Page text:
Producer packs diverse development slate

Dick Wolf doesn’t have anything left to prove in television: His place among the ranks of phenomenally successful TV producers is secure.

But as he approached a crossroads earlier this year with the pending expiration of his overall deal with Universal TV, Wolf didn’t hesitate to sign up for another hitch with the studio that has been his home since Ronald Reagan was in the White House.

Wolf Films’ three-year pact with Universal TV is among the richest in the TV biz, and it includes one pilot commitment from NBC per year. Although the TV landscape is facing seismic shifts, Wolf told Variety that he’s enthusiastic about the new world of opportunities at the Peacock, its sibling studio and the industry at large. With “Chicago Fire” at NBC, an offbeat drama in the hopper for USA and reality fare for NBC and TNT, Wolf Films’ development slate is more diverse than ever.

“I have made a conscious effort to survive, and hopefully prosper, in a massively changed environment,” Wolf said. “Not only that, these are all shows that I am really happy to be able to produce.”

This fall, as “Law and Order: SVU” hits its 14th season, the character-heavy “Chicago Fire” marks Wolf’s first non-”Law and Order”-branded drama for NBC since “Conviction” in the 2005-06 season. He’s also teamed with Mark Burnett to produce the ambitious reality skein “Stars Earn Stripes,” which will feature nine celebs competing to complete military exercises in an effort to raise money for veterans service orgs and charities. The show will get a big push from the Peacock on the heels of Summer Olympics coverage in August.

For USA Network, Wolf is taking an even bigger detour, developing a drama about an insurance investigator whose trophy wife turns out to be a man. At TNT he’s teamed with reality specialists Magical Elves for an unscripted series, “Cold Justice,” that tracks an investigator and prosecutor as they dig into cold cases.

With NBCUniversal’s corporate decision to return Universal TV to the business of producing for outside networks, keeping Wolf in the fold was a priority for the studio. And Wolf made a move to bring in new blood last year by recruiting former Showtime exec Danielle Gelber as head of development to work with longtime lieutenants Peter Jankowski, prexy and COO of Wolf Films, and Arthur Forney, head of post-production and a frequent helmer on Wolf shows.

Wolf’s “name is synonymous with breakout, sophisticated, broad, global, entertaining television hits,” said Universal TV exec veep Bela Bajaria. “He has an iconic brand that has provided hundreds of hours of amazing, quality television for decades.”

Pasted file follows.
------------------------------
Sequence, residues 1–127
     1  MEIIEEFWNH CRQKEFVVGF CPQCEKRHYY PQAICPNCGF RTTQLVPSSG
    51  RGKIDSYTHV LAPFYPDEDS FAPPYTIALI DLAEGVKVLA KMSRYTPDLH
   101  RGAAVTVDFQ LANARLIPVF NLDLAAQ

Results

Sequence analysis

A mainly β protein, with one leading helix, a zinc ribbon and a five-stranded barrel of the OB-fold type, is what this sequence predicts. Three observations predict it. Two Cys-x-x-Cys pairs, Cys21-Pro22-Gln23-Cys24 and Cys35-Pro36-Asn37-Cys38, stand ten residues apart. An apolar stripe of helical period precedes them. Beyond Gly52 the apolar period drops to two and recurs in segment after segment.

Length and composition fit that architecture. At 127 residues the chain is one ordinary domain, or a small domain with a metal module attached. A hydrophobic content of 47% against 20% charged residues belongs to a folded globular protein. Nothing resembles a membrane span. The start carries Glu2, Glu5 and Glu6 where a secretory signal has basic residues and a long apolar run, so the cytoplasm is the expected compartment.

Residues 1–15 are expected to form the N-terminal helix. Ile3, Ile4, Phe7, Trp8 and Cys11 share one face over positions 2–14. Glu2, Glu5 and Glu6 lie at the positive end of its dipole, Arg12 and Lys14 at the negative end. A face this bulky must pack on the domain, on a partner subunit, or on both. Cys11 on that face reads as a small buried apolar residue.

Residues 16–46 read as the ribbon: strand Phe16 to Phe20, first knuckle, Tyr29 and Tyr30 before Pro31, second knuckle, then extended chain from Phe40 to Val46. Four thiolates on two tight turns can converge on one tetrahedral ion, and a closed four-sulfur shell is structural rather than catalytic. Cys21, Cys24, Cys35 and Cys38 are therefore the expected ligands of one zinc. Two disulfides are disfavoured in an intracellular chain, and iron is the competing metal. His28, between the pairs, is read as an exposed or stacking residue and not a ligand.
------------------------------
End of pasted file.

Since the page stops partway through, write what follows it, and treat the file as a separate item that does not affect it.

NBC’s new regime was also eager to develop the next generation of Wolf Films shows for the mothership network. Wolf has seen his share of NBC administrations come and go, but his friendship with NBC Entertainment chairman Bob Greenblatt dates back 18 years to Greenblatt’s days at Fox, when he developed the Wolf drama “New York Undercover,” which ran for four seasons.

“After so many years respecting Dick Wolf from afar, I am so thrilled to be able to finally work with him,” added NBC Entertainment prexy Jennifer Salke.

Wolf has long been a keen observer of business trends in television. The fact that the primetime production biz is in the midst of a fundamental transition of profit models and distribution strategies is “totally energizing,” he said.

“This is the biggest change in the business model of television since it began. The challenges to create programming that audiences want to see and have the potential to make a profit have never been more daunting,” Wolf said. “It is incumbent upon producers to maintain both creative and financial discipline in this new era. Thankfully, Wolf Films has the long-term infrastructure to make this possible.”

And despite the emerging new world order, the mandate for TV creatives hasn’t changed all that much, Wolf said.

“Our primary job is still to create programming that performs on the network,” Wolf said. “We are dealing with a new reality (and) no one can predict what the long-term effect of a variety of forces will have on back end values. What is the value going forward of off-network sales to basic cable networks, when you factor in penetration of online services such as Netflix and Hulu? That’s still unknown. ..(But) the bottom line is that successful, and high quality programming will always attract top dollar.”

Wolf’s pact with Universal TV was brokered by WME and attorney Cliff Gilbert-Lurie of Ziffren Brittenham.

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